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CDC: Heat kills thousands more in US than previously estimated

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Death records show that hundreds of Americans die from heat each year, but a new investigation reveals it may actually be thousands.

The Centers for Disease Control and Prevention has estimated some 600 people lose their lives to extreme temperatures, but a new study suggests the real amount is more than 5,600.

Researchers used data from the National Center for Health Statistic on deaths in populous areas in the US from 1997 through 2006, along with a model that estimates temperatures in these regions.

The data shows moderate heat killed 3,309 people per year in the counties included in the study, and extreme heat killed 2,299 people each year.

However, as the coronavirus linger across the nation, experts fear these numbers will increase, as publicly accessible air conditioned spaces are now longer available.

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The Centers for Disease Control and Prevention has estimated some 600 people lose their lives to extreme temperatures, but a new study suggests the real amount is more than 5,600

Forecasters have predicted a sizzling hot summer for the entire US, with many areas facing hotter-than-average temperatures.

The weather is likely to be hotter than usual and could start as early as June and run through August in most areas of the country.

The above-average hot weather may in part be as a result of cooling sea-surface temperatures that were detected in the Pacific Ocean which could see a possible La Niña later this year.

The phenomenon, although rare, is linked with floods and droughts, and often starts with some scorching summer weather.

Researchers used data from the National Center for Health Statistics on deaths in populous areas in the US from 1997 through 2006, along with a model that estimates temperatures in these regions

Researchers used data from the National Center for Health Statistics on deaths in populous areas in the US from 1997 through 2006, along with a model that estimates temperatures in these regions

The data shows moderate heat killed 3,309 people per year in the counties included in the study, and extreme heat killed 2,299 people each year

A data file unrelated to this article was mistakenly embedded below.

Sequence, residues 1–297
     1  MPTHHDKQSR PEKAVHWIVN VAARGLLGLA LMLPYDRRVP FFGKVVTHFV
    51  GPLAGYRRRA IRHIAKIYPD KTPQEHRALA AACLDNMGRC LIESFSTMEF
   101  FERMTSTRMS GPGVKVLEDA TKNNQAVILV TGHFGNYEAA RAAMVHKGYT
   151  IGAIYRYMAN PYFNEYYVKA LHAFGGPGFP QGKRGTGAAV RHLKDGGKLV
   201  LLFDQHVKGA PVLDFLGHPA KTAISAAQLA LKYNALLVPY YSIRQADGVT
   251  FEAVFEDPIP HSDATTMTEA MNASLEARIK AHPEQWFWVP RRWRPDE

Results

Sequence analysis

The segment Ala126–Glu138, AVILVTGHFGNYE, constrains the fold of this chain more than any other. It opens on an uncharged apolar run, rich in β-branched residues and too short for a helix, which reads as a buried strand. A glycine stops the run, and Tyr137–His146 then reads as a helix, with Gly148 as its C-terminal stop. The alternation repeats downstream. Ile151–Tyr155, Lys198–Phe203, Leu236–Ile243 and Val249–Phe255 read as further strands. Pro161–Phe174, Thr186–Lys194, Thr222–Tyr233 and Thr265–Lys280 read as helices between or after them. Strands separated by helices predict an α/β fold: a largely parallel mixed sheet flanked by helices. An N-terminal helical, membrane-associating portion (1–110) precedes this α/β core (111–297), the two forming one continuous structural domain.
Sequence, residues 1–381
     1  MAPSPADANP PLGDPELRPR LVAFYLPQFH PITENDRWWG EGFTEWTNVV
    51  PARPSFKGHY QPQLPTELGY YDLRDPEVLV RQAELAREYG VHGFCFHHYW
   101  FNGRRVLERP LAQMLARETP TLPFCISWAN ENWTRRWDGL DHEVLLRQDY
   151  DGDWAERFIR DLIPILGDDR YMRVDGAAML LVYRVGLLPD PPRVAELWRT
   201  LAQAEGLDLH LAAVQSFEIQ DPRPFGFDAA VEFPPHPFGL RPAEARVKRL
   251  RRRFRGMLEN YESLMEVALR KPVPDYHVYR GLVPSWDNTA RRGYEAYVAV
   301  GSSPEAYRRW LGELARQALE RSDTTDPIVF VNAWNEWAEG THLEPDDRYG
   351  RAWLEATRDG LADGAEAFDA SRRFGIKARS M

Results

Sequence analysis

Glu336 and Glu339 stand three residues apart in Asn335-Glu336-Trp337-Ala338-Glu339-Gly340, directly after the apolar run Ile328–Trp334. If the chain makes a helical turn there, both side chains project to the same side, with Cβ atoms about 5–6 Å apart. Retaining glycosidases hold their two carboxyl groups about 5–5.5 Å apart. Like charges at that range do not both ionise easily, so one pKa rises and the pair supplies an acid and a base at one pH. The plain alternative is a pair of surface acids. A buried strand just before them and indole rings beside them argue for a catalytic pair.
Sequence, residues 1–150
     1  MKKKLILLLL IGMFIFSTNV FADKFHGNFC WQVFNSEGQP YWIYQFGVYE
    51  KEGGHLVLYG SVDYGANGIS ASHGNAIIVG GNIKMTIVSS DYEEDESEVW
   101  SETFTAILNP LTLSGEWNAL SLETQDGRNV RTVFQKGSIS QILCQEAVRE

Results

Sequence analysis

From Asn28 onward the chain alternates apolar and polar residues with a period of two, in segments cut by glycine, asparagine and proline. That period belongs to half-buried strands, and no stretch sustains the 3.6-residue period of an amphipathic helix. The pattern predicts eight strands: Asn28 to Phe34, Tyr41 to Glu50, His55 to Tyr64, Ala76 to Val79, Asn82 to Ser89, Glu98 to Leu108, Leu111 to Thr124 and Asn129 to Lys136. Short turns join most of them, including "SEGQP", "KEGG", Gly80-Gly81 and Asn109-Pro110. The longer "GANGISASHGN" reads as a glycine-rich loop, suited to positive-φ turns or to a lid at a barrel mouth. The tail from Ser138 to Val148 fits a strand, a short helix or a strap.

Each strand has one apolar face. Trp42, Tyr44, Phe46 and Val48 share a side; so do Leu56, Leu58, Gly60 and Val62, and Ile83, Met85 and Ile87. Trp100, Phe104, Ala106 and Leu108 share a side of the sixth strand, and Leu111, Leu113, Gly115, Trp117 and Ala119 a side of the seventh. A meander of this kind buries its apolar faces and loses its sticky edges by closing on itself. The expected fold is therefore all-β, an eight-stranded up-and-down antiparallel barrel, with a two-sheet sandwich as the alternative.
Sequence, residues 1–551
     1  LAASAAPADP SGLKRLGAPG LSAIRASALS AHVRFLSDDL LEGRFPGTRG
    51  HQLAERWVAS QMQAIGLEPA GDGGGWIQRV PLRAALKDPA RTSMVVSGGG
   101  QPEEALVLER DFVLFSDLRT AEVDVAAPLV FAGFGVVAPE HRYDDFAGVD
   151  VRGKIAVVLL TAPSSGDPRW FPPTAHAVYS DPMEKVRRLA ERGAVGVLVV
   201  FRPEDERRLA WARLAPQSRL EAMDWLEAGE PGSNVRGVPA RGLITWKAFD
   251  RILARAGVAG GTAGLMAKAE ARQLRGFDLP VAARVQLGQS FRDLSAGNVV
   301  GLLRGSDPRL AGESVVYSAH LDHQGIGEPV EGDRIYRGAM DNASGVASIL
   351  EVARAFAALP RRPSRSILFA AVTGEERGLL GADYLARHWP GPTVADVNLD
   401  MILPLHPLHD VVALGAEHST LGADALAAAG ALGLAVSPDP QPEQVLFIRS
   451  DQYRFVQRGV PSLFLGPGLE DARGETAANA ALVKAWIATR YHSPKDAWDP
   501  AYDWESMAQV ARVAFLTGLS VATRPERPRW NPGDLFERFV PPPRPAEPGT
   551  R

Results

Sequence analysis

The data shows moderate heat killed 3,309 people per year in the counties included in the study, and extreme heat killed 2,299 people each year

Dr. Kate Weinberger, lead author and professor at the Boston University of Medicine, said: ‘How dangerous a hot day is may depend on where you live.’

‘A 90°F day might be dangerous in Seattle, but not in Phoenix.’

‘For example, air conditioning is much more common in cities like Phoenix that experience hot weather frequently versus cities like Seattle with cooler climates.’

She also noted that demographic factors play a role in how much heat a population is exposed to.

Weinberger and her team collected data from the National Center for Health Statistics on death records to pinpoint individuals who fell victim to excess heat.

This information was combined with Parameter-elevation Relationships on Independent Slopes Model (PRISM), which estimates temperatures across the contiguous U.S. down to the four-square-kilometer area.

The study also analyzed days separately – those considered moderately or extremely hot in a specific area, along with the number of deaths as a result.

Forecasters have predicted a sizzling hot summer for the entire US, with many areas facing hotter-than-average temperatures. The weather is likely to be hotter than usual and could start as early as June and run throughout August in most areas of the country

Forecasters have predicted a sizzling hot summer for the entire US, with many areas facing hotter-than-average temperatures. The weather is likely to be hotter than usual and could start as early as June and run throughout August in most areas of the country 

This is not the first time a study into how many Americans have died because heat has been conducted, but previous work only used death certificates to make an estimate.

Study senior author Dr. Gregory Wellenius, director of BUSPH’s Climate and Health program, said: ‘These estimates do not depend on anyone recognizing that a given death was due to excess heat, so they are likely closer to the true number than previous estimates,’ says study senior author Dr. Gregory Wellenius, director of BUSPH’s Climate and Health program.

‘Heat is very much a threat to the health of our communities and our families today,’ 

 ‘Public health officials have a responsibility to implement heat action plans—as many communities across the world already have—in order to warn residents ahead of days of extreme heat and to help residents cope with the heat and minimize their health risks.’

However, the team fears that the lingering coronavirus will make it harder for many people to stay cool this summer.

‘Providing publicly accessible air conditioned spaces on hot days now carries additional risks and requires new protocols for keeping people safe from both heat and infection,’ Wellenius explained.

‘At the same time, with many offices, malls, stores, restaurants and other commercial buildings still largely closed, this summer people are even more reliant on home air conditioning than ever before.’

‘Given the high unemployment rates, particularly among vulnerable communities, we may see an even bigger impact of heat on people’s health this summer.’

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